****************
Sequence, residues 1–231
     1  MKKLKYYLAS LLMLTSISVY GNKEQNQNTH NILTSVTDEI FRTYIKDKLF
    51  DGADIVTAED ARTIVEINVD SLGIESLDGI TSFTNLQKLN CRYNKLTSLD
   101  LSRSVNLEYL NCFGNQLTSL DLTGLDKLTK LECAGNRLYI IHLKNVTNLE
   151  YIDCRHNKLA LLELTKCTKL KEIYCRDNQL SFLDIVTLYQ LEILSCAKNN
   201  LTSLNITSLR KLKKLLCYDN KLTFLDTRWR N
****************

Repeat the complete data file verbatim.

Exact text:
Sequence, residues 1–231
     1  MKKLKYYLAS LLMLTSISVY GNKEQNQNTH NILTSVTDEI FRTYIKDKLF
    51  DGADIVTAED ARTIVEINVD SLGIESLDGI TSFTNLQKLN CRYNKLTSLD
   101  LSRSVNLEYL NCFGNQLTSL DLTGLDKLTK LECAGNRLYI IHLKNVTNLE
   151  YIDCRHNKLA LLELTKCTKL KEIYCRDNQL SFLDIVTLYQ LEILSCAKNN
   201  LTSLNITSLR KLKKLLCYDN KLTFLDTRWR N